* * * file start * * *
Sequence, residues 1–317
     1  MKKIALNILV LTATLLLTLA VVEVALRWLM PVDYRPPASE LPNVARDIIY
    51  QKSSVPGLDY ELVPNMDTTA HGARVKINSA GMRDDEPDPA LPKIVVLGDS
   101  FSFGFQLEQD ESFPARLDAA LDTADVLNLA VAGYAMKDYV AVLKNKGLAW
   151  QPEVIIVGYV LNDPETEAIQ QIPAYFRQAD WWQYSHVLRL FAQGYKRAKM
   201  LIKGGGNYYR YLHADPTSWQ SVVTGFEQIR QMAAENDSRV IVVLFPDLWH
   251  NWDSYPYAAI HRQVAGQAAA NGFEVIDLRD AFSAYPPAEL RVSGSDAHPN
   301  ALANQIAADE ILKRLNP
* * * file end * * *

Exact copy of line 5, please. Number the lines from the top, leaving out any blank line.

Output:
   151  QPEVIIVGYV LNDPETEAIQ QIPAYFRQAD WWQYSHVLRL FAQGYKRAKM